Experiences of International climate negotiations

Another update from Luke – the official ‘youngest person at the COP16 conference’ – love seeing it all through his eyes…

Hi Guys!

This conference has been an eye-opening experience for me recently as to where real climate change adaptation is likely to take place, and by far the most opportunity lies at grassroots community level, which makes what we’re doing seem all the more important. At the international level is seems unlikely anyone will enter a second commitment period under Kyoto unless the developed countries (primarily the US) take the lead. The US wants to see ‘voluntary commitments’ and measuring of success by ‘how well we meet thoseĀ  commitments instead of measuring actual reductions’ which is ludicrous and would see developed countries make pledges of around 4-8% rather than the 40-80% needed in a second commitment period to keep temperature rise below 2 degrees! even if they could, the negotiators have said “we could never agree to how much should be pledged by nations in an adaptation fund” which is what the global public sees as a success in Cancun.

I asked the panel “Do you believe that we can properly address the issue of climate change using market mechanisms? (that is the carbon trading proposed under LULUCF and REDD+) given the current state of a global economy based on exponential growth on a finite planet?”. Their answer was a straightforward, honest and said one with out even any hesitation, as if a great burden was being released off their (the negotiations) shoulders.

“No”. “It never has done, it is not working now, and it never will work in future”.

And then, while I was still in a state of utter disbelief that they would have the decency to say that, a second panelist stated “The road to hell is often paved with good intentions”! It made for a very heated discussion! (while the cameras started to click away…). They ended the session on a positive note by literally saying that “Our best chance is in resilient community action”. I should trust my intuition more often. The same plenary panel has decided right there and then to continue the discussion in an open press briefing with media from across the world present tonight at 6pm (1pm today NZ time), and I intend to ask the same question, while introducing myself as the ‘youngest person at this conference’ which I found out I am! Hopefully the panel will be just as honest in front of global media.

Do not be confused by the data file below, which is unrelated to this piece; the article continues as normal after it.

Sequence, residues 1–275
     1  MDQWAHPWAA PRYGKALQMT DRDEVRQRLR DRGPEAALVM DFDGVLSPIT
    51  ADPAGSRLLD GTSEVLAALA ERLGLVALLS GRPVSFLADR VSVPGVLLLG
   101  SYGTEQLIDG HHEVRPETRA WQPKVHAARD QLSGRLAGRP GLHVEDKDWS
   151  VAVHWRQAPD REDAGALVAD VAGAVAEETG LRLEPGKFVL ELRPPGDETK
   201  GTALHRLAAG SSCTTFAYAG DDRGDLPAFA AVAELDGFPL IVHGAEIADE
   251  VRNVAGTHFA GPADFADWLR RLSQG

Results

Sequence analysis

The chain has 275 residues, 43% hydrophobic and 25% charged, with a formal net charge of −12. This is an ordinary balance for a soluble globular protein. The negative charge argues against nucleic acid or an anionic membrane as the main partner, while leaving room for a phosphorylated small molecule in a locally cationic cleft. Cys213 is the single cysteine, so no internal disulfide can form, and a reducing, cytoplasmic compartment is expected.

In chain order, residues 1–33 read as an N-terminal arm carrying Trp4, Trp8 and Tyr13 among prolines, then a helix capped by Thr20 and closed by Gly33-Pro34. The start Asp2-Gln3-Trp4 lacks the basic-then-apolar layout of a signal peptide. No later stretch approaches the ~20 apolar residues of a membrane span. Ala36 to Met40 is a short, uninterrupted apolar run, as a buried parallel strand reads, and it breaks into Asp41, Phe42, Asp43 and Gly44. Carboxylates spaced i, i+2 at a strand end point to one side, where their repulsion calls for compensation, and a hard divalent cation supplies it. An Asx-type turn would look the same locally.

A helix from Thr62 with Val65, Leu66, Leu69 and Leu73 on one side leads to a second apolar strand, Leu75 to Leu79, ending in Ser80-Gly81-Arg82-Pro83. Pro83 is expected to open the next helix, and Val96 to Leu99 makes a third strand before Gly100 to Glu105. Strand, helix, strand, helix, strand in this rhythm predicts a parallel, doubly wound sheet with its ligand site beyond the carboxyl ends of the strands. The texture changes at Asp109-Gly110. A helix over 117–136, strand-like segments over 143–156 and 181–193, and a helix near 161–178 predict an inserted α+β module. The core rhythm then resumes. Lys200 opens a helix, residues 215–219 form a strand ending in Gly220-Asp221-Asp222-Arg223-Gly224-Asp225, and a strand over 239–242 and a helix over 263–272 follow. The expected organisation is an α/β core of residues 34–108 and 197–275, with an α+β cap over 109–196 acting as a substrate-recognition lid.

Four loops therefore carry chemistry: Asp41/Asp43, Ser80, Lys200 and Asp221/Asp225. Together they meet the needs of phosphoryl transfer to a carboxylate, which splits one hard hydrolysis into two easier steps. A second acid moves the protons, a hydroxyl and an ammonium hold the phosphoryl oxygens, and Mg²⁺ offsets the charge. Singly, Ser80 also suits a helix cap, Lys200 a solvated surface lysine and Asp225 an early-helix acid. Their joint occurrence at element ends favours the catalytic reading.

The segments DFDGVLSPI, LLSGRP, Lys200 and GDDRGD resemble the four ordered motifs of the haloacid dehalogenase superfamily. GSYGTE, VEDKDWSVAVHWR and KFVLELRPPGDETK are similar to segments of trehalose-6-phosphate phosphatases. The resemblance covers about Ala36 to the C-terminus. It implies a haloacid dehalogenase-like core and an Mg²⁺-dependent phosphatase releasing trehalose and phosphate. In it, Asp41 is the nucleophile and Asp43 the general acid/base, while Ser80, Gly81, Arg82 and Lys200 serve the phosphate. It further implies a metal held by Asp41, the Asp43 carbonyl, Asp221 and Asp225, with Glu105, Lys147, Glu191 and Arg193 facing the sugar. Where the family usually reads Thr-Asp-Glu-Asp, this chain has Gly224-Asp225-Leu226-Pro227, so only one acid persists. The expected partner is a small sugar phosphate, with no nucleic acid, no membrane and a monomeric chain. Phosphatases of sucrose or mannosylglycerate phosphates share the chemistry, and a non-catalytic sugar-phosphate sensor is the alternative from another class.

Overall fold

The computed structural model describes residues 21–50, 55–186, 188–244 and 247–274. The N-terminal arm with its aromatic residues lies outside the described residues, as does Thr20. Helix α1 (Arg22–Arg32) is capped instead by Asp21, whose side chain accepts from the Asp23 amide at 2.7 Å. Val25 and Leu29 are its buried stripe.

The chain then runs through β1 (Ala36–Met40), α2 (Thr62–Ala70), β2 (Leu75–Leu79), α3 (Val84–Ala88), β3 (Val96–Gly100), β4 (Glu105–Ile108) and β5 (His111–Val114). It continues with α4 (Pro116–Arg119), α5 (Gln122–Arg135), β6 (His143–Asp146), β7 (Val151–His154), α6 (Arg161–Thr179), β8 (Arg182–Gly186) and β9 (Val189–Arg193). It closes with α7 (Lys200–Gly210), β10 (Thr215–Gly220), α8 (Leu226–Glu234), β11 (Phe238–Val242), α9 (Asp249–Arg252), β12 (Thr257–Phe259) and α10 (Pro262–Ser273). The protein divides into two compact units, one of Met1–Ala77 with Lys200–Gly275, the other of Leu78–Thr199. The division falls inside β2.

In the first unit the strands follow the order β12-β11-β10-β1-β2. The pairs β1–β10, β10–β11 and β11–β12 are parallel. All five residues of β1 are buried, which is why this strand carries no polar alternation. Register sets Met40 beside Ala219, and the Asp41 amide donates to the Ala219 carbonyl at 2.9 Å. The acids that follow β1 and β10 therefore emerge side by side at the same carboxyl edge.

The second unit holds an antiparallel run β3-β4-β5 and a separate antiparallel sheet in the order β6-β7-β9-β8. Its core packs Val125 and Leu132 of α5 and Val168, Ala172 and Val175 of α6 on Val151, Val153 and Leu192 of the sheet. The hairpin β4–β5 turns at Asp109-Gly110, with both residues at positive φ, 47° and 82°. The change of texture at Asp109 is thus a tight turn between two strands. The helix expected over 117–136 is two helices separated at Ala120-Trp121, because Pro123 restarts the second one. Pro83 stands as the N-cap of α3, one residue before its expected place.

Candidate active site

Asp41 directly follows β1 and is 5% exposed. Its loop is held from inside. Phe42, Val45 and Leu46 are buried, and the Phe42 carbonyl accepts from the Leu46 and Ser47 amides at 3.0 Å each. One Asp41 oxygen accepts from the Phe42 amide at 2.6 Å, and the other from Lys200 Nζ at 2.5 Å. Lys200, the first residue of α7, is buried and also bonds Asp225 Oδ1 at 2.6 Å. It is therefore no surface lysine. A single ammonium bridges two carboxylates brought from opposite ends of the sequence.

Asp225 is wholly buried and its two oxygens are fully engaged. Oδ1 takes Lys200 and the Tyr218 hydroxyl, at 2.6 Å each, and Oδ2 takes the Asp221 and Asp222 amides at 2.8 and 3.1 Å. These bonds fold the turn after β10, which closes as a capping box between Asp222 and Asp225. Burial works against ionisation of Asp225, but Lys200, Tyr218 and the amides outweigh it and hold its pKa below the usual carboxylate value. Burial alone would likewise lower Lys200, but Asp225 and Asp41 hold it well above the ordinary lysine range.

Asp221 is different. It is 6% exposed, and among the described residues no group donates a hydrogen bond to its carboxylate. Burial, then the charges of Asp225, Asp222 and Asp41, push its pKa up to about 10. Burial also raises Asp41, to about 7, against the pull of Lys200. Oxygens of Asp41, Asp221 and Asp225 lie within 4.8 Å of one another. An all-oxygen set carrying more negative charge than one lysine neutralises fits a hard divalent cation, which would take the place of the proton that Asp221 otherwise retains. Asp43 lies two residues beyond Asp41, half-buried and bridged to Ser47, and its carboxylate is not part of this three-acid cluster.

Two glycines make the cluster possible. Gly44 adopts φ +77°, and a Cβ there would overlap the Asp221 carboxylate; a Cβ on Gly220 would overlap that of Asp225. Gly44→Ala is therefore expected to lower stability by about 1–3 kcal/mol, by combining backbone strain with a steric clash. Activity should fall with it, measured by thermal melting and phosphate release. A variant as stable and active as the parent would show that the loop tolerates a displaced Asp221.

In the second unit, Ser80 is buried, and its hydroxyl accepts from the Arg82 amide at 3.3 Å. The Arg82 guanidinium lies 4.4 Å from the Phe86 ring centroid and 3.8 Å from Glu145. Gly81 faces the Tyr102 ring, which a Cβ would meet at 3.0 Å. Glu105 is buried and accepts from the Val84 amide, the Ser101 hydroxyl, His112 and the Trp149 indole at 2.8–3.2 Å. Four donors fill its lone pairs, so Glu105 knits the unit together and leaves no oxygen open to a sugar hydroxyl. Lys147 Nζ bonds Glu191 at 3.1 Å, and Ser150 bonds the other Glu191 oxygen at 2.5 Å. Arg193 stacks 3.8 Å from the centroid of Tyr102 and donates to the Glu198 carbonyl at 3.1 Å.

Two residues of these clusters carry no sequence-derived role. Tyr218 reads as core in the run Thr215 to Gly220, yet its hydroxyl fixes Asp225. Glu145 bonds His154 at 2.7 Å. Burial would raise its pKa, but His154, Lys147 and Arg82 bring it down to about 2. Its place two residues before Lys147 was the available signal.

We, as part of the Youth zero carbon strategies working group are planning some very important actions. We are firstly writing and handing out a ‘real’ agenda at the conference highlighting what really should be on the table in terms of UNFCCC workings. Then we are proposing an action right outside the Azteca Plenary hall at the Moon Palace with a guy in a business suit with UNFCCC written on it standing at a tap, with a sign saying ‘SUPPLY’ and then a hose to a swimming pool of large container where there is a youth member holding the end of the running hose with a sign next to him/her saying “DEMAND”. In the role play the youth asks the unfccc to “turn off the tap” but the unfccc refuses to do so, and instead asks the youth to stop it (ie; try to control demand). After trying 101 ways including water balloons and sellotape and countless others it is given up and the container overflows. Visually communicating that the only way to limit GHG’s in the atmosphere is to control supply rather than demand. This group is being led by a friend of mine named Kjell, who I joke about as being a ‘universal translator’ because he speaks 8 languages, fluently!

So keepin it brief… I gtg. But i have also left my contact details with the UNESCO reps here in Cancun. :p